Welcome to Fire Safe Life,
Fire Safe Life came about as a place for Fire Protection Professionals to come together and discuss fire prevention. We searched the Internet for a website that was open to everyone and after a thorough search we did not find it. We found many fire sprinkler sites that were run by big companies and governing bodies, but nothing for the rest of us.
Fire Safe Life wants all Fire Protection businesses and Fire Fighter’s to take part. Without your help this venture will not be possible. We would like readers to send in questions and have the pros answer them. This is a place to share and help each other.
Fire Safe Life is not here to change the world, but to spread the word on how important fire protection is to your community.
Fire Safe Life is open to all. If you have something to say, a question to ask, a story to tell, we would like to hear it. Let’s be helpful to the designer, the engineer and others that might need a little inspiration. We would like advice from our more experienced practitioners to make Fire Safe Life a pool of knowledge for all.
Would you like to Guest Post at Fire Safe Life, See our Guest Post Guidelines.
This is a guest post by Karen Ho Fatt. If you would like to Guest Post, check out the Guidelines here.
Not everyone hunkers down and hibernates during the winter. In fact, with backyard fire pit usage growing in popularity, more and more people are enjoying crisp winter evenings outdoors, in the comfort of their patio paradise. Along with this trend is the need for an increased awareness of residential fire safety in addition to the common sense steps taken when having a wintertime fire. Let’s take a moment to review fire pit safety during the winter season.
As with any outdoor fire, whether at a campground or in your backyard, careful attention should be paid to the surrounding foliage. During autumn, dried leaves and plant material can accumulate around the fire pit, providing quick burning fuel for a stray ember to ignite. Clear any dead vegetation to at least 10 feet from around the fire pit. This way, if you burn soft woods to create that wonderful crackle we all love, the popping embers won’t have anything to start a fire with.
This is a guest post by Sally Davidson. If you would like to Guest Post, check out the Guidelines here.
If your home fire alarm woke you up in the middle of the night, would you know what to do? If not, here are some steps you can take to create a home fire escape plan.
1. Make an Escape Plan – Work together with your family to draw a map of your home – graph paper makes this easy. Mark the location of all doors and windows as well. Then designate two ways to escape from every room, giving special consideration to the bedrooms.
2. Discuss Responsibilities – Another important part of your escape plan should take into account any family members who might need help escaping, such as the very young or those with disabilities. Give each family member specific responsibilities. For example, siblings who sleep in the same room can wake each other up. Emphasize that you will work as a team.
3. Choose Meeting Places – You should choose two meeting places. The first should be an obvious place outside your home. The second should be further away, such as at the end of the street, in case it isn’t safe to be so close to the house. Mark these places on the escape plan.
4. Emergency Contacts – Post emergency numbers next to every phone in your house and program them into your cell phone. Designate a friend or relative who lives nearby as your emergency contact person. Make sure your children have this number memorized, along with your own address and number.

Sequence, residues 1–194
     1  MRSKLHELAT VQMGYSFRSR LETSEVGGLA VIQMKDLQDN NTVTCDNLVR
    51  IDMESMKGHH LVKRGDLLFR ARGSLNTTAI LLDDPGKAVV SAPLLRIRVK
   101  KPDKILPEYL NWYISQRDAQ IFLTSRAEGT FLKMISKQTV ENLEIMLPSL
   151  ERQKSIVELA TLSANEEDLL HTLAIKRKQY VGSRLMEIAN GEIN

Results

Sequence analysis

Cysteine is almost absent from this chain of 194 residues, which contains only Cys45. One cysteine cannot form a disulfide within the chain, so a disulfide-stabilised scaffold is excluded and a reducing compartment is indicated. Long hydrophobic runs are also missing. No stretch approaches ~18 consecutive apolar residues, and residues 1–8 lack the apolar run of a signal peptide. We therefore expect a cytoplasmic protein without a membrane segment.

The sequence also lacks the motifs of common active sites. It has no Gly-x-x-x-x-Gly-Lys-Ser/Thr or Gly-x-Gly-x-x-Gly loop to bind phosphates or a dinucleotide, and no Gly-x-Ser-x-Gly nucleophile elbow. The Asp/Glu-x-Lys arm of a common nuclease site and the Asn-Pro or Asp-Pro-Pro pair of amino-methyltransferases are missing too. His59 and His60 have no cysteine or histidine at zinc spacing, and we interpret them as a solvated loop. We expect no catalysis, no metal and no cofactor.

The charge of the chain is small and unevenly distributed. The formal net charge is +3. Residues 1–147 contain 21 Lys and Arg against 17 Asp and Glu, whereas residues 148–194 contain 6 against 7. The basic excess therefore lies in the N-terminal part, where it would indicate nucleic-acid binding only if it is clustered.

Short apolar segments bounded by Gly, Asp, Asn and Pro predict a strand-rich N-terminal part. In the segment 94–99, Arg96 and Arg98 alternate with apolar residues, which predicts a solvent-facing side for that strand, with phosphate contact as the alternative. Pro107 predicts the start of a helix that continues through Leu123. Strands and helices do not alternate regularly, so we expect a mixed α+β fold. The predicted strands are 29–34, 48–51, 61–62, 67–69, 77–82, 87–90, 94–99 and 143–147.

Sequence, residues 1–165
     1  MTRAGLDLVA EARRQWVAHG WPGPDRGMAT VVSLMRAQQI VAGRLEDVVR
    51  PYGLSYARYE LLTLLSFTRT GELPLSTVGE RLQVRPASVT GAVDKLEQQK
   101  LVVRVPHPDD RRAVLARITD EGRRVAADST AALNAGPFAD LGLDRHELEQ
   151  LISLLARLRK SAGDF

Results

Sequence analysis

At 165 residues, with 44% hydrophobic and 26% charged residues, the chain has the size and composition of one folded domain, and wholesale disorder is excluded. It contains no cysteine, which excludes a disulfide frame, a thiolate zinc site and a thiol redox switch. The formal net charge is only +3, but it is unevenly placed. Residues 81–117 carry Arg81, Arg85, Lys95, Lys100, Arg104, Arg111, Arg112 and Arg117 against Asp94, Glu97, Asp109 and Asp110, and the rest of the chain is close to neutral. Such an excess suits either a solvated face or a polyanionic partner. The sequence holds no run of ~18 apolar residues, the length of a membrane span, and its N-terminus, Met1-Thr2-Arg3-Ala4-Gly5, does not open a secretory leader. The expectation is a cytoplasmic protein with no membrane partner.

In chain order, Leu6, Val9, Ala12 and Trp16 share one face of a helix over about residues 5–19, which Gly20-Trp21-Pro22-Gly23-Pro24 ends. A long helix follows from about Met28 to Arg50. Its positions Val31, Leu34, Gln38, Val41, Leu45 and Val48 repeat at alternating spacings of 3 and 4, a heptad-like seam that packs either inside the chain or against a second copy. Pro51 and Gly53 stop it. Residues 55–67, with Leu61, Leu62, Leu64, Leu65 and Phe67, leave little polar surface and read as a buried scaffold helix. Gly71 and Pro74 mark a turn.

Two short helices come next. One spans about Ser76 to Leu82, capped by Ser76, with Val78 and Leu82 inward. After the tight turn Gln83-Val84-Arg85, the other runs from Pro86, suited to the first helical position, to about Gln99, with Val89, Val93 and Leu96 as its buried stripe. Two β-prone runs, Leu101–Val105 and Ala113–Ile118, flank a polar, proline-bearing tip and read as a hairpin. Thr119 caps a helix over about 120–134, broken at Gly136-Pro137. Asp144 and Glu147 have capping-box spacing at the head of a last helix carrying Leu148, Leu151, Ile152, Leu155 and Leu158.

This is a guest post by Nick at Guardian Fire Protection. If you would like to Guest Post, check out the Guidelines here.
There’s nothing more important than having well-maintained fire extinguishers in your building – the keyword being “well-maintained”! It’s important to have your fire extinguishers professionally inspected once a year, but it’s arguably MORE important to inspect them yourself every month! Fortunately, it’s hard to go wrong with your monthly fire extinguisher inspection – it’s actually pretty easy.
Monthly Fire Extinguisher Self-Inspection
Monthly fire extinguisher inspections don’t need to be exhaustive – just a quick check over should be fine. And while they should not take the place of professional fire extinguisher inspections, they should definitely supplement them. The important things to check during your monthly fire extinguisher inspections are:
This is a guest post by Chuck Lorrell. If you would like to Guest Post, check out the Guidelines here.
Are you having your home renovated? Here are 10 things you should consider to make your home fire-resistant.
1. Fire Extinguishers – Make sure that there is a portable fire extinguisher on the worksite. Depending on the size of the project, you may want to have more than one. Even a small fire can create major damage if it isn’t taken care of immediately. Multi-purpose models (Type ABC) are best for a construction site.
2. Existing Alarms – Never disconnect your fire and burglar alarms during a home renovation project. If sanding or plaster work is being done, you may want to consider putting a plastic bag over them during the day, but don’t forget to take them off when work is finished.
3. Sprinklers – For a larger project, you may want to consider installing a residential sprinkler system, which can provide protection against a major fire.
4. Clean Up – Make sure that scrap materials and debris are cleaned up from the site daily, as they can be highly combustible. Even materials like cardboard, rags, and solvents are extremely flammable, and so it is important that these are picked up as well.
5. Doors – Doors made of solid wood or metal will resist fires much more than hollow ones.